Wang CS, et al. Reducing Major Cause-specific Hospitalization Rates and Shortening Hospital Stays After Influenza Vaccination. Clin Infect Dis. 2004 Dec 1;39(11):1604-10. PubMed PMID: 15578359.
* Article titles in AMA citation format should be in sentence-case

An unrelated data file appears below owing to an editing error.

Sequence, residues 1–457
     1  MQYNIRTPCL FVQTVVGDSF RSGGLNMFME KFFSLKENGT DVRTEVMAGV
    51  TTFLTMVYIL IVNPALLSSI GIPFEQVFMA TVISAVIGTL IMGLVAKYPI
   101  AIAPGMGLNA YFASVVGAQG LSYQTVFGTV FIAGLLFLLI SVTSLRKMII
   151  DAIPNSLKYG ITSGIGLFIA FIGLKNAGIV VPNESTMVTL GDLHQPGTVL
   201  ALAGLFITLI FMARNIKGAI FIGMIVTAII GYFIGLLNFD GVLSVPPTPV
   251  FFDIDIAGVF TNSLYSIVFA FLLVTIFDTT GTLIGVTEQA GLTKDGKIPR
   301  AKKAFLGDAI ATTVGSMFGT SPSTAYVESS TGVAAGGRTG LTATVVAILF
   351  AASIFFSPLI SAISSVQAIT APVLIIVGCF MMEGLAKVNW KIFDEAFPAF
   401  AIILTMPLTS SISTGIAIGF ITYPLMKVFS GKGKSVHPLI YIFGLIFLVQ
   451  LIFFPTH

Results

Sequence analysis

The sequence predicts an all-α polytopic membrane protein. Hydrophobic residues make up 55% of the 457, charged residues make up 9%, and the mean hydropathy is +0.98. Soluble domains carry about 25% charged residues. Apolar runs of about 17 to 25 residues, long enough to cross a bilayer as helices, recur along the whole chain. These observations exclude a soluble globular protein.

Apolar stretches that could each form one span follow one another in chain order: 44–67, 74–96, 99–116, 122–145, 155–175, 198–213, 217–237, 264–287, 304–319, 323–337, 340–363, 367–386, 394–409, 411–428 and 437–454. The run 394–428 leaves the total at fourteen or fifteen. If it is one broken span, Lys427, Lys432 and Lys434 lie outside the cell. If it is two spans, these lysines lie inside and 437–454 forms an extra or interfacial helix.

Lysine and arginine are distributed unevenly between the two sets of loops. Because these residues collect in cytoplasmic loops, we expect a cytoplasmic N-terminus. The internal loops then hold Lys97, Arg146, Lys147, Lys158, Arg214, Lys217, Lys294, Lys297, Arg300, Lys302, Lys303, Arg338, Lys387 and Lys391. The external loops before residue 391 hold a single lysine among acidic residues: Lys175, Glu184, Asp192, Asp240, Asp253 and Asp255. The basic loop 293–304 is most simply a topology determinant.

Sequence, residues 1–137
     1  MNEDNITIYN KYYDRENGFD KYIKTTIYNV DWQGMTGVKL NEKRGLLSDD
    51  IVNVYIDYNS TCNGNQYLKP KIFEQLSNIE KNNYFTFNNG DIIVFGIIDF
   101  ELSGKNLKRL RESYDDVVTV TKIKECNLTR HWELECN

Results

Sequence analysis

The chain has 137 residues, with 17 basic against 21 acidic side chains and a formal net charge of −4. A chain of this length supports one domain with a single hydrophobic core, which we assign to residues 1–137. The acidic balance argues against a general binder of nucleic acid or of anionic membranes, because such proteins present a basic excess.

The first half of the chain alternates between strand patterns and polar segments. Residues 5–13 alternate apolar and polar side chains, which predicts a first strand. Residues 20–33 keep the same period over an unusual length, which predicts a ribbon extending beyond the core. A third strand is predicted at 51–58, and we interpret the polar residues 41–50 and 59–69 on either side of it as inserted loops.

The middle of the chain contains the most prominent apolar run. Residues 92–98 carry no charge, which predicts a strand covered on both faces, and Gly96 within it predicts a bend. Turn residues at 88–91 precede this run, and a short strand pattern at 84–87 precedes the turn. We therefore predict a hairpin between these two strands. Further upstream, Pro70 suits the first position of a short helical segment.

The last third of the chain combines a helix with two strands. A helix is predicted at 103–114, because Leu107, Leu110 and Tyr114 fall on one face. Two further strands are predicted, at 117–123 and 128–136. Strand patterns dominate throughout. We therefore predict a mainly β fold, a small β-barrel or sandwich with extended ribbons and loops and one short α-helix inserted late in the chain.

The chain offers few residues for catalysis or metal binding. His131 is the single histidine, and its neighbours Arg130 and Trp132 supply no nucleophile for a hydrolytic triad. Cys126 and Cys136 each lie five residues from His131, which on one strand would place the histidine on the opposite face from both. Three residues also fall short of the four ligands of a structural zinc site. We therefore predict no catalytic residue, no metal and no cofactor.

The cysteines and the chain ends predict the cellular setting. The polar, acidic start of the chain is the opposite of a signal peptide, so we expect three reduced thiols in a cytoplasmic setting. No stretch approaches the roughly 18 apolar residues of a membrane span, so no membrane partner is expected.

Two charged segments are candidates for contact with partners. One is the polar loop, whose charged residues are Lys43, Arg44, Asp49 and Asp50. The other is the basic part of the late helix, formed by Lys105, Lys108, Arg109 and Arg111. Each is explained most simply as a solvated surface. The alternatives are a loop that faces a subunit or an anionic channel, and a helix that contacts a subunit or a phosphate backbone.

TY - JOUR T1 - Reducing major cause-specific hospitalization rates and shortening hospital stays after influenza vaccination. AU - Wang,Chong-Shan, AU - Wang,Shan-Tair, AU - Lai,Ching-Te, AU - Lin,Li-Jen, AU - Lee,Chien-Ting, AU - Chou,Pesus, Y1 - 2004/11/10/ PY - 2004/05/24/received PY - 2004/06/23/accepted PY - 2004/12/4/pubmed PY - 2005/11/9/medline PY - 2004/12/4/entrez SP - 1604 EP - 10 JF - Clinical infectious diseases : an official publication of the Infectious Diseases Society of America JO - Clin Infect Dis VL - 39 IS - 11 N2 - BACKGROUND: The impact of influenza vaccination on major cause-specific hospitalization and the duration of hospital stay is rarely reported. Our purpose was to study the effect of vaccine efficacy on major disease-specific hospitalization and the duration of hospital stays among elderly persons. SUBJECTS AND METHODS: From 1 January through 30 June 2001, we prospectively observed 35,637 vaccinated elderly persons (age, >or=65 years) and 53,094 unvaccinated elderly persons in Kaohsiung County, Taiwan, by computerized linkage to the National Health Insurance database. Of these persons, 21,347 had been assigned a high-risk status by the Department of Health, Taiwan. Univariate and multivariate logistic regression were used for determining vaccine efficacy in hospitalization. Multiple linear regression analyses were performed for determining the length of hospital stays. RESULTS: In both high-risk and low-risk groups, vaccination was associated with reducing the rates of hospitalization for all causes (20% vs. 23%), lung diseases, congestive heart failure (43% vs. 32%), renal disease, and liver disease (P<.05). It was also significant for stroke, hypertension, diabetes, neoplasm, and injury in low-risk patients (P<.05). Multivariate logistic regression showed that vaccination was significantly associated with reducing the rate of hospitalization (odds ratio [OR], 0.89; 95% confidence interval [CI], 0.86-0.92), but those with high-risk status had an increased risk of hospitalization (OR, 3.69; 95% CI, 3.56-3.82). Multiple linear regression analysis showed that vaccination decreased the duration of all-cause hospital stays (coefficient, -2.4 days; 95% CI, -2.7 to -2.1 days) and of hospitalization due to lung disease (coefficient, -4.9 days; 95% CI, -6.0 to -3.8 days). CONCLUSION: Influenza vaccination may reduce hospitalization rates and shorten hospital stays not only for lung diseases but also for other common diseases in high-risk and low-risk elderly populations. SN - 1537-6591 UR - https://www.unboundmedicine.com/medline/citation/15578359/Reducing_major_cause_specific_hospitalization_rates_and_shortening_hospital_stays_after_influenza_vaccination_ L2 - https://academic.oup.com/cid/article-lookup/doi/10.1086/425323 DB - PRIME DP - Unbound Medicine ER -